However many organizations don’t have the necessary controls in place around their SSH keys for automated processes to protect against potential hackers, the study found. Only 44% of the organizations in the study said they are monitoring the logins and activities of their keys’ privileged users.
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This lack of security controls is largely due to a misunderstanding of the role of secure shell in data security, SSH’s Thompson notes. While 68% of the survey respondents said that data security was a critical priority, only 25% said the same about machine-to-machine security. “Many companies just haven’t thought about secure shell controls,” he says. But “if anyone has malware in that environment, the organization would have a real challenge. This is where some of the most critical data often is.”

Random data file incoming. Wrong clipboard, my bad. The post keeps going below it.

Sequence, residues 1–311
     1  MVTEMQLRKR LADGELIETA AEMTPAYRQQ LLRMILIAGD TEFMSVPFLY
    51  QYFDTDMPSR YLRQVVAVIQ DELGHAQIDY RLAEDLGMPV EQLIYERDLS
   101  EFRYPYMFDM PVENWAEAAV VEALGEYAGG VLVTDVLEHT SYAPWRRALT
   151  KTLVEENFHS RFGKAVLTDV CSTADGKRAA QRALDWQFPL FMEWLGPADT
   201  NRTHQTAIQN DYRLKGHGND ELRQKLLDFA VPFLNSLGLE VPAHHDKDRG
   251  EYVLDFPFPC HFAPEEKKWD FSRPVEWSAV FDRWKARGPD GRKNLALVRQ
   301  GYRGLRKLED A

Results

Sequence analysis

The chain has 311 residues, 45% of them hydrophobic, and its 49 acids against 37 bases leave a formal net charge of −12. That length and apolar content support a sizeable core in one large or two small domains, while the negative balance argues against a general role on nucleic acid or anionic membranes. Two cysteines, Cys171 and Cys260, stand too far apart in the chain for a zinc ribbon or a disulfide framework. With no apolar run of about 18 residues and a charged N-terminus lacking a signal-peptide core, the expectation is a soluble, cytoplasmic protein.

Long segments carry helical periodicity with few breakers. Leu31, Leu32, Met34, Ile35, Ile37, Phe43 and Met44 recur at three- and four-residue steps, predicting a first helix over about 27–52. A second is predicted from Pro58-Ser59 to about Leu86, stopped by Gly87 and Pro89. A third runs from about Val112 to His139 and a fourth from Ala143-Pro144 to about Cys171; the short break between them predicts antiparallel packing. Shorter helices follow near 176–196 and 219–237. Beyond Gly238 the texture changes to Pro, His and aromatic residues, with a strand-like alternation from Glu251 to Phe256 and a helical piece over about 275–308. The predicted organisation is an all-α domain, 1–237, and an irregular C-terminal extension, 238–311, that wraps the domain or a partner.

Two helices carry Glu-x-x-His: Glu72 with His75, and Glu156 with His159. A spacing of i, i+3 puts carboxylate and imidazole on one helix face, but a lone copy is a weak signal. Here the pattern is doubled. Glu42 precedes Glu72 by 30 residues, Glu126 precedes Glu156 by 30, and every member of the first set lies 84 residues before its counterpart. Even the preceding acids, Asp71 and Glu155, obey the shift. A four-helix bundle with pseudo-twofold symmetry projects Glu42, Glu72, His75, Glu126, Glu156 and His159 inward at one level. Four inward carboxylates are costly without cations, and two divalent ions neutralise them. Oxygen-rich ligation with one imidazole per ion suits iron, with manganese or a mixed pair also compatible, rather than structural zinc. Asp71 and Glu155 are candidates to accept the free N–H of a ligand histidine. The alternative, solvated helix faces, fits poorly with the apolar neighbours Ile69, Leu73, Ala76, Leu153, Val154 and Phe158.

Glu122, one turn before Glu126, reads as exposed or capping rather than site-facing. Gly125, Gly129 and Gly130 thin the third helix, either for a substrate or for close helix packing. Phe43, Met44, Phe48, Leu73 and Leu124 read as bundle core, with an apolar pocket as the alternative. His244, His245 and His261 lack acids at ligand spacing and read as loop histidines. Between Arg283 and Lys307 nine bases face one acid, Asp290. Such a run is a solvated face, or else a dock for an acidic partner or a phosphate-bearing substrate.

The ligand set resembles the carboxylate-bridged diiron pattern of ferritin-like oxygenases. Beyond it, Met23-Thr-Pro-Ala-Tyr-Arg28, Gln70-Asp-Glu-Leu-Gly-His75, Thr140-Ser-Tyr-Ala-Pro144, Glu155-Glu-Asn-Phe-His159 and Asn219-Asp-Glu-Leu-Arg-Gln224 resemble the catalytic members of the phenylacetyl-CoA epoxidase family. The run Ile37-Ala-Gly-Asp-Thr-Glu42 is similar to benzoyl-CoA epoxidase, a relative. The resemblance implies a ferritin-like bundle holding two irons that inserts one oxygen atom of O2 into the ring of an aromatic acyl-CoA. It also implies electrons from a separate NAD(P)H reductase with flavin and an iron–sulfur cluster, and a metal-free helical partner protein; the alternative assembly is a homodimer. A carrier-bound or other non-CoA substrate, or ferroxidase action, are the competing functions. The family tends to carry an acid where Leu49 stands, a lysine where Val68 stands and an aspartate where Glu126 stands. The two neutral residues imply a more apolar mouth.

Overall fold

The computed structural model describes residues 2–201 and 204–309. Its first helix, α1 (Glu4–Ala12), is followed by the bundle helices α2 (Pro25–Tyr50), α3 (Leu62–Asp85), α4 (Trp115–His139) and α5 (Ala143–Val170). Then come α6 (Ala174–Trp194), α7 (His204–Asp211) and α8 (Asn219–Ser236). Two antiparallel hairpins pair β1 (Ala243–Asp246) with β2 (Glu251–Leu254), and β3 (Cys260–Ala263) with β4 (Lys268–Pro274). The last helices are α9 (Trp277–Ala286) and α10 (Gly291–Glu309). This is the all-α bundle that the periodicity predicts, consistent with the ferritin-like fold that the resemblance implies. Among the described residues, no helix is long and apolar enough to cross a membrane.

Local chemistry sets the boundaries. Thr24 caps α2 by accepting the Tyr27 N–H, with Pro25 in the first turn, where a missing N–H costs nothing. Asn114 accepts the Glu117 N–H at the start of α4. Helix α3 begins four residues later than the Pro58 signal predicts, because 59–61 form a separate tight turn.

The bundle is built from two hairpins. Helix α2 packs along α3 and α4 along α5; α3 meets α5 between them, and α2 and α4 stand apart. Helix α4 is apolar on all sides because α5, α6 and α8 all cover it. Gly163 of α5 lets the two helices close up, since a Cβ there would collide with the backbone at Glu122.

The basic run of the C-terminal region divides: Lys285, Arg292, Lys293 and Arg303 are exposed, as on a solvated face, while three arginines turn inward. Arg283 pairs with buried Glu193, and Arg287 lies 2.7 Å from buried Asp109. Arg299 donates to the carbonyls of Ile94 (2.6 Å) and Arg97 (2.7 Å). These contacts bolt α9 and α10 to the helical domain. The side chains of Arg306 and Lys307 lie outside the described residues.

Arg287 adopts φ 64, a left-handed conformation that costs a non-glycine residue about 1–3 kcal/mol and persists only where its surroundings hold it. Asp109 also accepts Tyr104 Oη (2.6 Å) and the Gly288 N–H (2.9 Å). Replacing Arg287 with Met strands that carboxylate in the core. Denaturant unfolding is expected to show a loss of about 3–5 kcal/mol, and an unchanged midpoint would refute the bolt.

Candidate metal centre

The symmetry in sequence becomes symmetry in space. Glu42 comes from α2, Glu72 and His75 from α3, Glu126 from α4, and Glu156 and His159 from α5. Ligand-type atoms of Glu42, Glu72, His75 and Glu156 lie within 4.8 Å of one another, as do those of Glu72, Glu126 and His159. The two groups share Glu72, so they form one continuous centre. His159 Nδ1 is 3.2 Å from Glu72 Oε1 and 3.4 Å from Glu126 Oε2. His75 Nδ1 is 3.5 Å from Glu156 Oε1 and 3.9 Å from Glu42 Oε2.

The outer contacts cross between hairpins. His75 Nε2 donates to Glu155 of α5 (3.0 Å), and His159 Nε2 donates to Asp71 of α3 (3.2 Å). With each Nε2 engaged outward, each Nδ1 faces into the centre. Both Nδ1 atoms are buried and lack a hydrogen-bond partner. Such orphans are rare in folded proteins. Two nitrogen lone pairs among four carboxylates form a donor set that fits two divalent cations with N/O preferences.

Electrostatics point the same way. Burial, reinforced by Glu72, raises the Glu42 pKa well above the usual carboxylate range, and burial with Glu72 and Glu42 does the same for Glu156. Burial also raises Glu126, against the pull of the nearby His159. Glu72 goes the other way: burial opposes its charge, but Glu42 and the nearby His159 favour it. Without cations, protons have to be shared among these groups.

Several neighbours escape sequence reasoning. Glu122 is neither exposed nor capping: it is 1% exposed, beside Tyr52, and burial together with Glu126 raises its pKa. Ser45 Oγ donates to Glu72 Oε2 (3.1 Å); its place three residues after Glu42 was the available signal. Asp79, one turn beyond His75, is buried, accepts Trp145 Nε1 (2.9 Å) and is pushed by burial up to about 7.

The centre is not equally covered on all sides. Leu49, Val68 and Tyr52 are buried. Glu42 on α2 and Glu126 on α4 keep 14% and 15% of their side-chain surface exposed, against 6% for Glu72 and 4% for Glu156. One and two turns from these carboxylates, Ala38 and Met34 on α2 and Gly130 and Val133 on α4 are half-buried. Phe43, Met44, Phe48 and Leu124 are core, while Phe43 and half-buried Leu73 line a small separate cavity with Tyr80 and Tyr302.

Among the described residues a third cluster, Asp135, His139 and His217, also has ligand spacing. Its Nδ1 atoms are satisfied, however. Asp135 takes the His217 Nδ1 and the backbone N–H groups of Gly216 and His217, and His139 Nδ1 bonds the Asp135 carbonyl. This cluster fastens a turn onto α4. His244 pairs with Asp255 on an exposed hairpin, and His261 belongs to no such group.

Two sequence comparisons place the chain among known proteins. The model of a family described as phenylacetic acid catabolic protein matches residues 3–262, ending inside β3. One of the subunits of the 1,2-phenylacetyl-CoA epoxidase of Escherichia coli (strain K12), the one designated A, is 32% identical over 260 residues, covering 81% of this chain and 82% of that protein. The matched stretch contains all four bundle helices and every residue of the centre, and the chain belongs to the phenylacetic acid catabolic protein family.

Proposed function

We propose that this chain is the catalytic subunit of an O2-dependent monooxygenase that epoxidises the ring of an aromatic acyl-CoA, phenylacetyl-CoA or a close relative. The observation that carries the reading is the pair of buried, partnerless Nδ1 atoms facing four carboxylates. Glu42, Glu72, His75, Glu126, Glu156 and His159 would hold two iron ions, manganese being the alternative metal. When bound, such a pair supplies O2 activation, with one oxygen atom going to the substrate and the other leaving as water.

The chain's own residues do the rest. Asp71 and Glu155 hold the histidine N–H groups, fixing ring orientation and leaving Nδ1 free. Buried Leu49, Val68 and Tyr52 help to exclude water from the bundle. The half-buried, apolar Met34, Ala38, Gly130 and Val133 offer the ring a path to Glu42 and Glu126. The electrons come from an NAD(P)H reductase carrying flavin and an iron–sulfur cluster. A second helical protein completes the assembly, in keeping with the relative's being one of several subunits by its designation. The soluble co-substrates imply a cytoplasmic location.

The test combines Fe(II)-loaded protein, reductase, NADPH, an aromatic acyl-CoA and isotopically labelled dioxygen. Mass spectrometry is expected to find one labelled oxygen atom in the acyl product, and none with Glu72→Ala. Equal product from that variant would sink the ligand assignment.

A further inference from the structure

Jonathan Camhi has been an associate editor with Bank Systems & Technology since 2012. He previously worked as a freelance journalist in New York City covering politics, health and immigration, and has a master's degree from the City University of New York's Graduate School ... View Full Bio